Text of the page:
The most useless phrase in creation, but it’s true. Panicking rarely solves any problem, and usually makes it worse. The only good thing about panic is that it can alert an outsider that the problem is serious, if the panicker can’t or won’t express that in other terms.
How did I get on the subject? Well, funny story, that. And it has nothing to do with politics or the state of the world, which are my usual sources of anxiety at the moment.
No. My DH decided to make cookies.
It went something like this:
DH: My workplace is having a baking contest, so I’m going to make cookies.
Me: Okay, honey; have fun. Save a few extras for us. Have to do quality control, and all that.
(DH does a test batch of sugar cookies, and they come out great, but are too large. Cookies must be bite-sized according to the rules)
DH: Hmm. How can I make these smaller, without ruining the structural integrity of the cookie?
(I make a few suggestions, but it’s been years since I made sugar cookies, so I’m just guessing)
DH: (Makes valiant attempts to reduce the size of the cookies) None of those ideas worked! And the contest is tomorrow! What do I do?
(DH and I stare at each other in dismay. DH throws up his hands and runs around like a chicken with no head)
Okay, that last bit is entirely fabricated. DH and I talked about various options and came up with a plan. He went back to the kitchen, and I went back to writing, and he now has a batch of completely different but yummy cookies (chocolate chip with mint frosting) for the contest. But there was a brief moment of feeling overwhelmed because of too many options, on top of a long and stressful day at work, and something very close to panic because the task was time-sensitive.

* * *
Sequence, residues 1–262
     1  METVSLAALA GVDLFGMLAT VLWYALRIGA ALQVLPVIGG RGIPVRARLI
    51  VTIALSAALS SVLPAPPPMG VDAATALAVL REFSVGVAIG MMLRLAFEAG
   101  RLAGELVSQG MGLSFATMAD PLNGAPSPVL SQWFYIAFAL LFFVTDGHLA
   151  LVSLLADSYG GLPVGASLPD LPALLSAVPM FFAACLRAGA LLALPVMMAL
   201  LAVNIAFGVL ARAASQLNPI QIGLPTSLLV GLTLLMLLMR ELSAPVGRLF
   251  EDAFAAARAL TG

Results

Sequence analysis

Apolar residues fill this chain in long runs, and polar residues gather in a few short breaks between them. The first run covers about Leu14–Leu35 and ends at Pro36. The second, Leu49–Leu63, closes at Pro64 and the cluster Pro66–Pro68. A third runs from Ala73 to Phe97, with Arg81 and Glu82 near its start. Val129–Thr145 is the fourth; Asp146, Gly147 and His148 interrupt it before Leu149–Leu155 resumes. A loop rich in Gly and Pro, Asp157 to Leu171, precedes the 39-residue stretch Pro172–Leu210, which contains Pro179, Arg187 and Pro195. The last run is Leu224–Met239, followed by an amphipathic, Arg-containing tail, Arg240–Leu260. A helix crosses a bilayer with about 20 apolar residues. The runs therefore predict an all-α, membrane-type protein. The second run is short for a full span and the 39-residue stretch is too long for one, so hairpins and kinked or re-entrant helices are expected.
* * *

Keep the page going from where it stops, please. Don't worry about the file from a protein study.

Let the record show that DH is extremely useful in a life-or-death emergency, and doesn’t panic (or anything close to it) when the stakes are high. Only when the stakes are relatively low. But the episode of the recalcitrant cookies got me thinking about the nature of panic, and how to handle it. Because, let’s face it, a baking disaster is the perfect time to practice dealing with panic- if nothing else, the punishment for failure is that you have to eat your mistakes, and in this case, that’s not a punishment. DH is a good cook and a passable baker, and gets better every time he does it.
My preferred method of dealing with disaster is to disengage, examine the situation, form a plan, and dive back in, altering the plan as necessary, and sometimes disengaging again if I need to (sometimes this requires walking away from the problem for a minute; sometimes it’s a deep breath and a quick glance in another direction, to give my mind a second to shift gears). This can be extremely dangerous in a violent situation, but as long as nothing’s on fire and no one’s shooting at me, it works reasonably well. In the case of baking cookies, I had time and space to examine the problem, make suggestions, and know when to scrap the original plan and convince DH to come up with a new one.
But the point is, panicking rarely helps solve a problem, and a wise person will subject himself to low-stakes tense situations as a normal part of life, so he (or she) can learn his own preferred method of responding to catastrophe, and practice it.
Someday that low-stakes disaster might turn high-stakes, and we should all be prepared to deal with it as quickly and competently as possible.